Carbon Storage and Land-Use Strategies in Agricultural Landscapes across Three Continents.
Current biology : CB
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Williams, D. R., Phalan, B., Feniuk, C., Green, R., & Balmford, A. (2018). Carbon Storage and Land-Use Strategies in Agricultural Landscapes across Three Continents.. Current biology : CB, 28 (15), 2500-2505.e4. https://doi.org/10.1016/j.cub.2018.05.087
The loss of carbon stocks through agricultural land-use change is a key driver of greenhouse gas emissions [1–4] and the methods used to manage agricultural land will have major impacts on the global climate in the 21st century [4–9]. It remains unresolved whether carbon losses would be minimised by increasing farm yields and limiting conversion natural habitats (‘land sparing’) or maximising on-farm carbon stock even at the cost of reduced yields and therefore greater habitat clearance (‘land sharing’). In this paper, we use field surveys of over 11,000 trees, in-depth interviews with farmers, and existing agricultural data, to evaluate the potential impacts of these contrasting approaches, and plausible intermediate strategies, on above-ground carbon stocks across a diverse range of agricultural and natural systems. Our analyses include agroforestry and oil palm plantations in the humid tropics of Ghana; cattle ranching in dry tropical forest in Mexico; and arable cropping in temperate wetlands and forests in Poland. Strikingly, despite the range of systems investigated, land sparing consistently had a higher potential to sustain regional above-ground carbon stocks than any other strategy. This was the case in all three regions, and at all plausible levels of food production, including falls in demand. However, if agricultural production increases to meet likely future demand levels, we project large decreases in above-ground carbon stocks, regardless of land-use strategy. Our results strongly suggest that maintaining aboveground carbon stocks will depend on both limiting future food demand and minimising agricultural expansion through linking high-yield farming with conserving or restoring natural habitats.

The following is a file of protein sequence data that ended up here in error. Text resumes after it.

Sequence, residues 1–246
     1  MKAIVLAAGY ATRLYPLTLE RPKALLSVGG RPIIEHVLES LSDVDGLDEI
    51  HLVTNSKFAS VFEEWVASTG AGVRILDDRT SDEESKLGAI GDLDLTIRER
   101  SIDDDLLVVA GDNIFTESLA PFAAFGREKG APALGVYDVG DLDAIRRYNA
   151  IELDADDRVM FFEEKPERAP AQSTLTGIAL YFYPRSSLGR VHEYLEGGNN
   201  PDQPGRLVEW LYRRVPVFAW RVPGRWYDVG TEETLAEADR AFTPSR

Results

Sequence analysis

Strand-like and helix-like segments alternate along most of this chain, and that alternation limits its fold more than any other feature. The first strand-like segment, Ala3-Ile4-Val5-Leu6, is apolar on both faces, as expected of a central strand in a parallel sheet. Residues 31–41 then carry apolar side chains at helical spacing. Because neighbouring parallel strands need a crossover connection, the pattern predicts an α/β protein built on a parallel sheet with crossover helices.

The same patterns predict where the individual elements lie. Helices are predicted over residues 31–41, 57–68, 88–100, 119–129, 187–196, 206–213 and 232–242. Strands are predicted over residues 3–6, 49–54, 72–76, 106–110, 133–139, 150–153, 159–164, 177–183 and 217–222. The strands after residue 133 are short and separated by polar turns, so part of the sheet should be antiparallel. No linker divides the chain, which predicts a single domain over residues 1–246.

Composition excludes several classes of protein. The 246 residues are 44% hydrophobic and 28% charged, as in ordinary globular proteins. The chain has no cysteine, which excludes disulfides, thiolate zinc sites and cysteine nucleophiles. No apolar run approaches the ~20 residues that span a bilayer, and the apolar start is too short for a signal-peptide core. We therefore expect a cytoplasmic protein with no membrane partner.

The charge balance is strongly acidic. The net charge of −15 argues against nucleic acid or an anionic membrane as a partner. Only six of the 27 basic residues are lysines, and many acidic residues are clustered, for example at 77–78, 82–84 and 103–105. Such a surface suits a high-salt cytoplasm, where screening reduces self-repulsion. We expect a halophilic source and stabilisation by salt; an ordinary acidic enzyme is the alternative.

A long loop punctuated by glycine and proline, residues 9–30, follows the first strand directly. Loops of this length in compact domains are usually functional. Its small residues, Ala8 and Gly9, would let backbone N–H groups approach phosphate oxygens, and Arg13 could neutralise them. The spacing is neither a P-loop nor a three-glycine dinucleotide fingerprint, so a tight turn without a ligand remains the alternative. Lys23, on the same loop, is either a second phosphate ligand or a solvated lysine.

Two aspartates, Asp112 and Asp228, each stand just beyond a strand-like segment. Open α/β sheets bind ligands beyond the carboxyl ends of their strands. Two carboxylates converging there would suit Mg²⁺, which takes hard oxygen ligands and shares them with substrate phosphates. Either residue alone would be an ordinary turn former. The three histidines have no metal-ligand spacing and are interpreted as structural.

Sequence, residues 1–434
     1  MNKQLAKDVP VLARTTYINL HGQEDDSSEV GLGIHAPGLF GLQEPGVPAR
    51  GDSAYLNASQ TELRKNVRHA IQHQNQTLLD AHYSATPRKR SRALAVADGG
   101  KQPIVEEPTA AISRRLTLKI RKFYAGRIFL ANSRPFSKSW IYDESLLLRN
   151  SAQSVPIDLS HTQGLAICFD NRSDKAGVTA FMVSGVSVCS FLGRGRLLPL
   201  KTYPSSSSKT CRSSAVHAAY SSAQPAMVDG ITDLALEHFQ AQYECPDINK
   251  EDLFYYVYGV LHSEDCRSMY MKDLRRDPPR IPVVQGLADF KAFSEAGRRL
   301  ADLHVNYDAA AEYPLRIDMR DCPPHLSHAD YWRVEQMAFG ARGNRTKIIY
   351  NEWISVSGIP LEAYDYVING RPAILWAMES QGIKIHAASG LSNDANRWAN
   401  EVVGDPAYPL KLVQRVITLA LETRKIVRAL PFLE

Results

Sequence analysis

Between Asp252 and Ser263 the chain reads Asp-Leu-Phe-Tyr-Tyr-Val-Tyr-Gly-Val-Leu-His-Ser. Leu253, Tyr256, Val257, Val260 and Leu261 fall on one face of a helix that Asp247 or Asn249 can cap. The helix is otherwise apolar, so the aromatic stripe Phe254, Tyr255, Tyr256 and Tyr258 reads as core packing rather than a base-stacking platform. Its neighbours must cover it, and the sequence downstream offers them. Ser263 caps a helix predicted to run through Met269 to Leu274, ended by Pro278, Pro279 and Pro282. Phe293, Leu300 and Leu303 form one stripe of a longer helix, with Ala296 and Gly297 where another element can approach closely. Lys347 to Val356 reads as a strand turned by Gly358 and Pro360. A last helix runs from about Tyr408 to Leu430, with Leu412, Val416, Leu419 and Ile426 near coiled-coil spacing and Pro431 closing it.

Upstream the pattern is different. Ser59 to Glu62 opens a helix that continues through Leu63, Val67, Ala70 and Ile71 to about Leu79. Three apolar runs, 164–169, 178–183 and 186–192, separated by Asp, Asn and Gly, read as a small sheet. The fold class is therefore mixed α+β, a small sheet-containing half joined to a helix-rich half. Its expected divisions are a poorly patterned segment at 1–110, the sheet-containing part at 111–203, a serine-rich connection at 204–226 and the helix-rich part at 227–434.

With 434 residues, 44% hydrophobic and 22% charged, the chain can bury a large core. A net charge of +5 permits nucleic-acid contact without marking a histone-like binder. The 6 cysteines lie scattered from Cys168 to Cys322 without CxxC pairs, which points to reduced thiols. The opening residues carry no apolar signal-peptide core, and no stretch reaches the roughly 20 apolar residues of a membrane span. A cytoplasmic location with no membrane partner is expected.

Conservation of Natural Resources, Agriculture, Ghana, Mexico, Poland, Carbon Sequestration
External DOI: https://doi.org/10.1016/j.cub.2018.05.087
This record's URL: https://www.repository.cam.ac.uk/handle/1810/280544
Attribution 4.0 International
Licence URL: https://creativecommons.org/licenses/by/4.0/